Ahimsa is considered to be the noblest gift from India to the world. It has won veneration at the hands of a number of philosophers and humanists. But it has certain serious limitations which cannot be ignored.
In the first place a non-violent struggle can be carried on only if it is led by a leader of super human capacities like Mahatma Gandhi. It requires immense spiritual strength, courage and patience which cannot be expected of common human beings.
Secondly it is workable only in a keenly conscientious world. If the opponent does not nave an emotional affinity towards the stragglers, it does not work. Particularly when there is a clash of interests, the conflicting parties have conflicting morality.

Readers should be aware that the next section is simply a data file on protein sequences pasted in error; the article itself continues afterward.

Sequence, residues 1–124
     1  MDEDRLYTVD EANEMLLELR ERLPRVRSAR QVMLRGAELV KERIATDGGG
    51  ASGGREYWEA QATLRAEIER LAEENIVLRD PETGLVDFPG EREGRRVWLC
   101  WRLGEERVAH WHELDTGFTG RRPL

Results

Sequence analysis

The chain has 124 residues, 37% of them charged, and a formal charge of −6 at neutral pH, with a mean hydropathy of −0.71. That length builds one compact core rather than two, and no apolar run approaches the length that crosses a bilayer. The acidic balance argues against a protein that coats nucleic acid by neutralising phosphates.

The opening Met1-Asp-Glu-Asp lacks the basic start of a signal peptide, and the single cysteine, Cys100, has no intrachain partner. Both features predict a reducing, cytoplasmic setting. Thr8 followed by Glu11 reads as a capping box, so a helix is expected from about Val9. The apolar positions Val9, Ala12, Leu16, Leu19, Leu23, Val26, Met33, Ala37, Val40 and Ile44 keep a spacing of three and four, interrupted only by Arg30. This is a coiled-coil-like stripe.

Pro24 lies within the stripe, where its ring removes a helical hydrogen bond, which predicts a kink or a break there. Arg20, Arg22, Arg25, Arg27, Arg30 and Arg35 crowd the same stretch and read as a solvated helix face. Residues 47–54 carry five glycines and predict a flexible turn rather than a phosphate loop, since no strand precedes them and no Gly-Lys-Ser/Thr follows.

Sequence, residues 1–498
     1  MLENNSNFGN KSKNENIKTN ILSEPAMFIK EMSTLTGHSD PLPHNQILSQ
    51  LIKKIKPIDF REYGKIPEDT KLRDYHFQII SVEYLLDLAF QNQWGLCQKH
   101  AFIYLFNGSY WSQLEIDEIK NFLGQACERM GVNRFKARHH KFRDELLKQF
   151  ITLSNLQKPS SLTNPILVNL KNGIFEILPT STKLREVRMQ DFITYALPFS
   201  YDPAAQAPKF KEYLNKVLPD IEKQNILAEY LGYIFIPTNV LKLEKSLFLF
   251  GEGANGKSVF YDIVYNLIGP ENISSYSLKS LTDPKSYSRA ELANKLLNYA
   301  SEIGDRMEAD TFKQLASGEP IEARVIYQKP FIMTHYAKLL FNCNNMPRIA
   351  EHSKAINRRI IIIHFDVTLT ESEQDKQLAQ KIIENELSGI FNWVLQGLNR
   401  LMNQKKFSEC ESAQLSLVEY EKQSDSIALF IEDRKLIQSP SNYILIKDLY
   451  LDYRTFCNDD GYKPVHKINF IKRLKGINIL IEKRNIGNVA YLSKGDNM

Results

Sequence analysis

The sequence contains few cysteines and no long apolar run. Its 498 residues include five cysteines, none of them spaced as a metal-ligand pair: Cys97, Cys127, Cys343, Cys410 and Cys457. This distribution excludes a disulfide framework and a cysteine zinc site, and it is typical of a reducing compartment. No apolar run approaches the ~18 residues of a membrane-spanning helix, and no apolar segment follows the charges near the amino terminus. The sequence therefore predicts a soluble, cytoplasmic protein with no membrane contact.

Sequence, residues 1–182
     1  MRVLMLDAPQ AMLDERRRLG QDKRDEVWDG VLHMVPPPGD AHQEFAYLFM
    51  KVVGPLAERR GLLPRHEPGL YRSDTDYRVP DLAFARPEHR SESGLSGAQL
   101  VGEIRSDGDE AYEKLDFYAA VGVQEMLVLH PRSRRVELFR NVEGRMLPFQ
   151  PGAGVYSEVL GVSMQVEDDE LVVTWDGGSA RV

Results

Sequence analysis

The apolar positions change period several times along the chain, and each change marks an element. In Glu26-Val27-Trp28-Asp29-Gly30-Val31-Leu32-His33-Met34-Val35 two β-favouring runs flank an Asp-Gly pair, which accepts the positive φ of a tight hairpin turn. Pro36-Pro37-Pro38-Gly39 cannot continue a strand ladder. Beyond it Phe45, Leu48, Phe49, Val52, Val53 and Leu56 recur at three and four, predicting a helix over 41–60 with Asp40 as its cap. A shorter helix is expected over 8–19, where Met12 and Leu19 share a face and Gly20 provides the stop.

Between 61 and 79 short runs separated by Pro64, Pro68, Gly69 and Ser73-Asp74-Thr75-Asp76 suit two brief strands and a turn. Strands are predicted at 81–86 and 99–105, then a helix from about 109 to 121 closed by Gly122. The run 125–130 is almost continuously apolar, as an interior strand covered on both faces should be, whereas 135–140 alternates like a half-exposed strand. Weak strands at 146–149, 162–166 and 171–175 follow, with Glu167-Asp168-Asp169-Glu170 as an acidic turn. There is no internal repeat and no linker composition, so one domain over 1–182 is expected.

In the case of a mill strike, the mill owner will call the strike immoral while for the mill-workers it would be moral. The use of force against strikers will be made with a sense of righteousness. Hence complete non-violence on the part of workers would never redress their complaints.
From this, we can draw a third conclusion which changes Gandhi’s Ahimsa with a bias towards the tyrant. The serpent and the tiger, it is said, do not give up their misanthropy if man be non-violent. Passiveness may rather embolden the capitalists regarding ruthless exploitation of the poor.
Points to Remember
(1) Ahimsa-a supreme virtue (2) Unlimited use (3) Not a Negative use (4) Not a weapon of weak (5) Aimed at self-purification (6) Useable in politics-South Africa
May give strength to tyrant men of supreme moral value. In clash of worker and mill owner difficult to work.